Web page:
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While promoters of ethanol sometimes plug the fuel as a panacea for climate woes and America's dependence on foreign oil, a study from Stanford University suggests ozone produced by ethanol-fueled vehicles might end up killing more people than emissions from gas vehicles. Ozone is a component of smog that's produced in a chemical reaction involving hydrocarbons and nitrogen oxide in the presence of sunlight. The gas is known to inflame lung tissue, worsen asthma, and weaken the immune system.
Led by Stanford civil and environmental engineering professor Mark Z. Jacobson, the new study used a computer simulation to compare air quality in the U.S.—and specifically, in Los Angeles—in the year 2020 under two different scenarios. In one, the vehicle fleet is fueled by traditional gasoline; in the other, it runs on 85% ethanol and 15% gasoline, a blend known as E85. According to Jacobson, this is the first such study to account for population distribution and the complex interaction of environmental factors like sunlight, clouds, and wind. Based on the simulation, he concludes that the switch to an ethanol fleet could result in a 4% increase in U.S. deaths overall, and a 9% increase in L.A.
Defenders of ethanol are quick to point out potential flaws in Jacobson's assumptions. And some environmentalists argue that ethanol, while not perfect, has an important role to play in America's green-fuel future. Jacobson favors electric vehicles recharged using wind, solar, or hydro power. The brains of Alzheimer's patients may malfunction because they are starved of energy. A healthy brain feeds on ample amounts of glucose. With Alzheimer's, however, glucose absorption declines. Brain cells then turn to alternatives—chemicals called ketone bodies—but the body can't make enough to keep the mind working long-term. Broomfield (Colo.) biotech Accera has a drug, Ketasyn, designed to boost production, helping patients preserve their faculties. In a three-month clinical trial of 152 patients with mild to moderate Alzheimer's, Ketasyn significantly improved cognition compared with a placebo, says Accera. The results will be presented at the May meeting of the American Academy of Neurology. Catherine Arnst Robots are getting more adept at procedures that can tax accomplished surgeons. The latest example is Heart-Lander, a tiny, 10mm-long robot that crawls like an inchworm across the heart.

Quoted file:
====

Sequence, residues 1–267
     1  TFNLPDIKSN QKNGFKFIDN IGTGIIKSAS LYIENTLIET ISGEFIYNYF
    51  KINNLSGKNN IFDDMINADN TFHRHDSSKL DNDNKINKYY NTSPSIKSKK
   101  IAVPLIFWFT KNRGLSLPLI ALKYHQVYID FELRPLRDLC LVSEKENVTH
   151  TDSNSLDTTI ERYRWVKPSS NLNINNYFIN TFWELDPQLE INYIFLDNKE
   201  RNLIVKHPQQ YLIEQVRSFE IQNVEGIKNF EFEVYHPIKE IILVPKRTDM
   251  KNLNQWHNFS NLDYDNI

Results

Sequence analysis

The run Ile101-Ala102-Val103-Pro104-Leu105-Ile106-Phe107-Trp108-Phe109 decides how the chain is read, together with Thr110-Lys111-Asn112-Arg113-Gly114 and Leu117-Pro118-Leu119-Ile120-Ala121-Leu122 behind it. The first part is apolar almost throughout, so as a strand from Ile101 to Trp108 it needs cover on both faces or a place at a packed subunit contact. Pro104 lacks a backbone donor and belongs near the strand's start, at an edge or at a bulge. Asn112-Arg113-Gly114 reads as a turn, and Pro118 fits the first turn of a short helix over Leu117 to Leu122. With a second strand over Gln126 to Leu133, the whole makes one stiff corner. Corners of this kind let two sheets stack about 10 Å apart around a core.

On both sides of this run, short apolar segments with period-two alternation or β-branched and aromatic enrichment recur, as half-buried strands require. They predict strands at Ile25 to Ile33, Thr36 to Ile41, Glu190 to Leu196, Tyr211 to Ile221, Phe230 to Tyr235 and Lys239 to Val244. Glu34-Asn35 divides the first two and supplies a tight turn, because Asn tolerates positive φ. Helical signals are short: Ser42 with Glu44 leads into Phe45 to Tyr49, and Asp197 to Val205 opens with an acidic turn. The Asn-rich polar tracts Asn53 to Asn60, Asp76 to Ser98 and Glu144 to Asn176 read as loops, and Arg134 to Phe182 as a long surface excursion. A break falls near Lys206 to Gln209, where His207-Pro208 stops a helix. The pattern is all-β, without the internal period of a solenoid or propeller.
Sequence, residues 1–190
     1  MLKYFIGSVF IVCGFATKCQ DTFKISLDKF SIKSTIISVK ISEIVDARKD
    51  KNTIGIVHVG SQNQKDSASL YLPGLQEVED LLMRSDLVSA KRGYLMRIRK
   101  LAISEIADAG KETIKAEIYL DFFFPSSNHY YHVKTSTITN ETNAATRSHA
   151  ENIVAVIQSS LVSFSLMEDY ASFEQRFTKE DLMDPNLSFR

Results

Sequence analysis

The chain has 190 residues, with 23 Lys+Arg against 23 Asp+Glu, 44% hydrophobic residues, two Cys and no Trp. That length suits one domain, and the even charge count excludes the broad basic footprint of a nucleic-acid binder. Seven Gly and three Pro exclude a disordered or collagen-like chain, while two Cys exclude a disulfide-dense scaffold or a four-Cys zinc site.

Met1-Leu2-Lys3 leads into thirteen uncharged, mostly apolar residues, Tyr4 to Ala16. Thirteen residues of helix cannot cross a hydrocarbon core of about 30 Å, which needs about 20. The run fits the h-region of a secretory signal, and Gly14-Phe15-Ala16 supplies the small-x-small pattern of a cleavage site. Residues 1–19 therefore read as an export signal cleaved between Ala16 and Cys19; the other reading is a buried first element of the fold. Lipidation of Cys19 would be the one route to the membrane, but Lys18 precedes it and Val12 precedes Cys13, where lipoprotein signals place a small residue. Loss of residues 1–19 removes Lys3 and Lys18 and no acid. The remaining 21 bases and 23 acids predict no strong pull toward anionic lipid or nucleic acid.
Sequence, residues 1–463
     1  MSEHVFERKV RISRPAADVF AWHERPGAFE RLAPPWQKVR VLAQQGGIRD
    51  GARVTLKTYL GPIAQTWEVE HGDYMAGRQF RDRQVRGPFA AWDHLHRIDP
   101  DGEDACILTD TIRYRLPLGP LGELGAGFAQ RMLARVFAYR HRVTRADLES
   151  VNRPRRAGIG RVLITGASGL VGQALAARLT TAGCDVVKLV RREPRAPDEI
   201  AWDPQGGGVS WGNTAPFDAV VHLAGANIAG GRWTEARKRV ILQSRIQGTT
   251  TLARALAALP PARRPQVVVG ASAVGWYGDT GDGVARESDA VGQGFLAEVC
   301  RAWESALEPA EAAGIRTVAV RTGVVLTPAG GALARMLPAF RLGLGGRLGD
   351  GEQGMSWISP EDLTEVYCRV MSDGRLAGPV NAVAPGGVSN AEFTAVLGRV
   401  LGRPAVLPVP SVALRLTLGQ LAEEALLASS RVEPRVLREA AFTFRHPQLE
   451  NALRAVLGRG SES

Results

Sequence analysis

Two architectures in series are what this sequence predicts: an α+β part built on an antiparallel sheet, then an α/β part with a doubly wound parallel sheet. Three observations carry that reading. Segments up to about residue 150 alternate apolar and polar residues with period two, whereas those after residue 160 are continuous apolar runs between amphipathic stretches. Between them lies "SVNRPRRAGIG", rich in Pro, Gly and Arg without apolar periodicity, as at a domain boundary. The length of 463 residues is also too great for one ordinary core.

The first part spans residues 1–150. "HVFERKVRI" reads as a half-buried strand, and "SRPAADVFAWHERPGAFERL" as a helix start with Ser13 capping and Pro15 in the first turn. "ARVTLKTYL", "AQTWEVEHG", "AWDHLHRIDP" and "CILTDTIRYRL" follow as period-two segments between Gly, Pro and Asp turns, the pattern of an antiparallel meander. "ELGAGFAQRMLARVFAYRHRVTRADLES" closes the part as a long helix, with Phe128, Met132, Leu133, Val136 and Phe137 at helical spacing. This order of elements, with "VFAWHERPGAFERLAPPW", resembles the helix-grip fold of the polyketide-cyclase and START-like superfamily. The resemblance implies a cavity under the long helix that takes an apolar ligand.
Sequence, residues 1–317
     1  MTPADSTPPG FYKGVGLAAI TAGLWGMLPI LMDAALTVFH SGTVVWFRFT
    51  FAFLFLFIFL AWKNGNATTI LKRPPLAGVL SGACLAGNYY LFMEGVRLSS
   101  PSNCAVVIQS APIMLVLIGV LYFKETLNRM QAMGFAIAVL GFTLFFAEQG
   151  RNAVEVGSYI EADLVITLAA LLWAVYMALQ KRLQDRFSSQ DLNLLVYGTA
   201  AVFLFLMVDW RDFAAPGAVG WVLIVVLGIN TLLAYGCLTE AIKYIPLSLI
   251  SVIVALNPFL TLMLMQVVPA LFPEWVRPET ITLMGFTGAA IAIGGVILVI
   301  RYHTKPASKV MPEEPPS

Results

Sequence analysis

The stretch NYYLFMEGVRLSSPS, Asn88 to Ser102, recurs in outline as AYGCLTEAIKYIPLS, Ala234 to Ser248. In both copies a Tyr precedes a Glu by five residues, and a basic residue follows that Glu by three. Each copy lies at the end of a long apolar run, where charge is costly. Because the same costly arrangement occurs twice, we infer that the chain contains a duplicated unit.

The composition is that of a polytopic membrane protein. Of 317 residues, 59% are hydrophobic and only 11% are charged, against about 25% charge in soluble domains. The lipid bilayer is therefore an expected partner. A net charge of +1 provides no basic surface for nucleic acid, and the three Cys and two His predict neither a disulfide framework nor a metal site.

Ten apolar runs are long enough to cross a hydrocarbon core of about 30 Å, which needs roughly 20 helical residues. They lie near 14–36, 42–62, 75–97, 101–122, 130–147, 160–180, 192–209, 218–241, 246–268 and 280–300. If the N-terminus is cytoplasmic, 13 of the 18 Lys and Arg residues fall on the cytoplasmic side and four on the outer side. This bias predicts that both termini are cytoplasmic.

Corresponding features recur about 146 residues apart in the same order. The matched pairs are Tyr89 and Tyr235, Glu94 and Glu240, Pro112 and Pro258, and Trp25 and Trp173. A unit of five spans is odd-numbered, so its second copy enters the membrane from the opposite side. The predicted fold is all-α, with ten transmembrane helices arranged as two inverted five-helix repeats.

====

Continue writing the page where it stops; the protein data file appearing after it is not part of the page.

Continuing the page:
Developed by Cameron Riviere and colleagues at Carnegie Mellon Robotics Institute and Johns Hopkins University, the bot is connected by a tether to a joystick operated by a human surgeon. It's inserted through an entry point below the patient's rib cage, a minimally invasive procedure that doesn't require cracking open the chest. The bot then crawls to the desired location on the heart, unperturbed by the organ's rhythmic beating. Once in position, it can burn away diseased tissue, help place a needle to inject drugs, or attach electrodes used to stimulate heart muscle—all the while relaying visual and other sensory data back to the medical team.
The device has already been tested in open-heart surgery on pigs. The researchers have formed a company, HeartLander Surgical, to commercialize the breakthrough. — Industrial diamonds are tough enough to drill through stone and slice through steel, but they're not ideally suited to the latter task. Carbon in the diamond reacts with the iron in steel to form chemical by-products that dull the blade.Substitutes exist, but must be produced under the same high-pressure conditions as diamonds and cost just as much to make. Scientists at the University of California at Los Angeles have designed an alternative that can be made at ambient pressure. It's a mixture of boron and rhenium, a metal, and it's hard enough to scratch the surface of a diamond, says UCLA chemist Richard B. Kaner.
— The evidence is in: Wealth is a poor indicator of intelligence. Researchers at Ohio State University analyzed data on 7,403 Americans who took part in a Bureau of Labor Statistics study begun in 1979. Participants completed general aptitude tests and provided details on their income, net wealth, and financial difficulties. While those with the highest IQ scores tended to earn more than others, they seemed just as likely to wind up in dire financial straits and no more likely to acquire great wealth.